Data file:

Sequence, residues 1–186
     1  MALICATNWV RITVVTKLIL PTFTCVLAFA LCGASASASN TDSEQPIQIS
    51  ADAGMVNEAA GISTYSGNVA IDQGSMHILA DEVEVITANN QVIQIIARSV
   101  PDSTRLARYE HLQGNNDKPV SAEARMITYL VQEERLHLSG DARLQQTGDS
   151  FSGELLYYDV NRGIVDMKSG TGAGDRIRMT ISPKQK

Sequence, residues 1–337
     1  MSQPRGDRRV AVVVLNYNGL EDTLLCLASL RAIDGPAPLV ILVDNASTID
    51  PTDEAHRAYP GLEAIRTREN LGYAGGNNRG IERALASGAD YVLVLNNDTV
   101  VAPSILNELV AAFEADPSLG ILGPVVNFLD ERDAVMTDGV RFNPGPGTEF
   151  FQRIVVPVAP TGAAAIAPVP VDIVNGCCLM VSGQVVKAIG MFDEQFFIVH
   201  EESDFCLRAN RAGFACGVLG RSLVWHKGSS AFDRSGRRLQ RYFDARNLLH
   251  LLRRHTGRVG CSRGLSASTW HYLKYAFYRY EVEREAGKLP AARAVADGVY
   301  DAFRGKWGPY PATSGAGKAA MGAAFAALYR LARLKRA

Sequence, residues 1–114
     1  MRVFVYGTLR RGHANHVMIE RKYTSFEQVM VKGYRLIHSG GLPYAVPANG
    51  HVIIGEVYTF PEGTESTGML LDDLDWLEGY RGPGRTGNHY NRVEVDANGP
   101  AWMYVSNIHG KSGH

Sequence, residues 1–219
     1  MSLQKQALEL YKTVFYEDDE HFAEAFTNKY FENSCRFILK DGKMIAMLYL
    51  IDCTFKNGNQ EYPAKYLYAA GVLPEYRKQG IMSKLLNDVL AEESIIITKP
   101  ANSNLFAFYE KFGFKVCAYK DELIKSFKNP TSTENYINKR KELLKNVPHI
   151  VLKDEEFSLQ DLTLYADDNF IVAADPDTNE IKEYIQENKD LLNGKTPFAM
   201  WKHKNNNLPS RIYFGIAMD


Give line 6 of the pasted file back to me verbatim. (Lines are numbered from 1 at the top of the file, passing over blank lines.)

Sequence, residues 1–337